It’s pretty much impossible for me to dine in Taft without thinking of the late great Ollie’s, a chrome-plated diner on Kern Street that had a nice run specializing in the most amazing malts, shakes and burgers. We went there with the family enough to try almost everything on the menu. The location has been turned into a Little Caesar’s pizza. No offense to Caesars of any size, but you can stick those in any strip mall. Ollie’s had ambiance, style, charisma. Sadly, now it’s now just a memory.

Across the street, however, is a small barbecue restaurant serving lunch and dinner that may create some new warm memories in Taft. It’s called Roots Eatery, and when I told family members who live in Taft to meet us there for a meal, they were stoked. It’s a small-time smoked-meat restaurant that specializes in burgers, big salads, sandwiches and plates, though the kitchen divides the menu into “the good, the bad, the ugly,” like the old Clint Eastwood movie.

The “good” is the salads and some healthy sandwiches, like turkey avocado. The “bad” is the barbecue. I resent that. The “ugly” list features the burgers and the amazing sandwiches they offer.

It’s an incredibly small place, so I imagine it gets pretty crowded during the day, but we visited at night when most of the customers were taking out rather than staying.

We had a chance to sample a turkey avocado sandwich ($8.99), a barbecue plate with chicken, pulled pork and pork ribs ($16.99), the spicy tri-tip sandwich ($10.99) and the killer pastrami ($10.99). Those last two items were from the “ugly” list, and, trust me, they were anything but repulsive. These were big sandwiches that when you get first sight of them, you think, I’ll save half for lunch tomorrow. But once you sample it, you can’t stop, and lunch tomorrow will have to fend for itself.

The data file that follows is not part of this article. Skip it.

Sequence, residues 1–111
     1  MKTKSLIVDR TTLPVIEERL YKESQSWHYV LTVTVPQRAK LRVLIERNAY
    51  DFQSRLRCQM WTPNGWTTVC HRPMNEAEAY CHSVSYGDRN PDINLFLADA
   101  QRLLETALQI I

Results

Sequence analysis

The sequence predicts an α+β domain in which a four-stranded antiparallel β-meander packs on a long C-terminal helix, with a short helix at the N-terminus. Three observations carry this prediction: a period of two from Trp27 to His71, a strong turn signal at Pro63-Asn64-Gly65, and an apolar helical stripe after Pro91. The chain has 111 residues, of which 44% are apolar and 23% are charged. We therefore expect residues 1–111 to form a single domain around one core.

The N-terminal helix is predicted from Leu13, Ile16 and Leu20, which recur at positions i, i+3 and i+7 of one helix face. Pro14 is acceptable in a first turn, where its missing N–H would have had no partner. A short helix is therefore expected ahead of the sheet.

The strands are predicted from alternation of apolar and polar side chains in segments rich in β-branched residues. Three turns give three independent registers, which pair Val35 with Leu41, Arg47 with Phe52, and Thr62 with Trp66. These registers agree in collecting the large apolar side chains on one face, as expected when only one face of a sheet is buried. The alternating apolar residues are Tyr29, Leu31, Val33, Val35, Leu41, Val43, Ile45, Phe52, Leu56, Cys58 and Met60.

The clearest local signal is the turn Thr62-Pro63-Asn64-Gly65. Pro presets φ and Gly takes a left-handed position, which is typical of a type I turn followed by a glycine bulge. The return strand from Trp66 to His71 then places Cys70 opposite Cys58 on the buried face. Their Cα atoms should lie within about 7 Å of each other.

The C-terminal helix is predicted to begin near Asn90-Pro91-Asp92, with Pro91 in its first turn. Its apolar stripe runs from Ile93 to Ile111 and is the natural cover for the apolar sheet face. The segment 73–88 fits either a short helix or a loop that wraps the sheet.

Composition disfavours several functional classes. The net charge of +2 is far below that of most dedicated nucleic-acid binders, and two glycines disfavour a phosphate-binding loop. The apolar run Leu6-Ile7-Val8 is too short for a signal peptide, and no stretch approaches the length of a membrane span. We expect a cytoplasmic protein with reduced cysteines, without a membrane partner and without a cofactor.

Let’s talk about the pastrami, which may not have been made in-house but sure tasted as fresh as if it were. It’s served on grilled sourdough with provolone cheese, grilled onions, bits of bacon, pepperoncinis, ground mustard and an aioli. The aioli was overkill, but otherwise it was a memorably orchestrated creation that will be difficult not to order, even if only to go, anytime we’re within five miles of the place.

Let’s talk about the tri-tip. We saw the smokers in the back parking lot, resting by the time we visited, but the beef had smoke emanating from it as it was set in front of us. Two cheeses — pepper jack and provolone — jalapenos and an Ortega chile, ground mustard again (I like their mustard), all on a toasted hoagie roll. I’d heard good things about the blue cheese brioche burger, but who can compete with these two?

The turkey avocado couldn’t, but of course it was on the “good” list, and was limited to healthy items like arugula, tomatoes, avocado and sliced turkey. You only live once. Get away from the healthy stuff.

The barbecue plate was respectable, featuring a chicken breast that looked like it had been deboned and smoked to the point of dryness but rescued with a sauce. The pork ribs had a dry rub, no sauce and were perfectly moist. The pulled pork was that perfect mix of moist strings and crunchy exterior, all chopped and separated and presented in a small round ceramic dish. The beans and cornbread had a nice homemade taste.

Service was a little slow — it took 25 minutes to get the food to the table after ordering it at the counter — but the staff was small-town friendly. One warning on the glasses of wine: They were about $10 each, though the price wasn’t on the menu and I had to figure out the cost from adding up the rest of what we ordered. Beer is $3.50 to $5, a better value by far.

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Missing some details, like hours, phone number address, and web link.

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